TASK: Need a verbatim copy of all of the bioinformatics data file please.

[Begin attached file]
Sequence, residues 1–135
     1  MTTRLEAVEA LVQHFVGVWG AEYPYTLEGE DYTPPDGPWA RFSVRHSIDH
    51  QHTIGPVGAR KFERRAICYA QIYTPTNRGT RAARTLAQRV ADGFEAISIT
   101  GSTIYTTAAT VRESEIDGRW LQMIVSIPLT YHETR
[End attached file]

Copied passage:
Sequence, residues 1–135
     1  MTTRLEAVEA LVQHFVGVWG AEYPYTLEGE DYTPPDGPWA RFSVRHSIDH
    51  QHTIGPVGAR KFERRAICYA QIYTPTNRGT RAARTLAQRV ADGFEAISIT
   101  GSTIYTTAAT VRESEIDGRW LQMIVSIPLT YHETR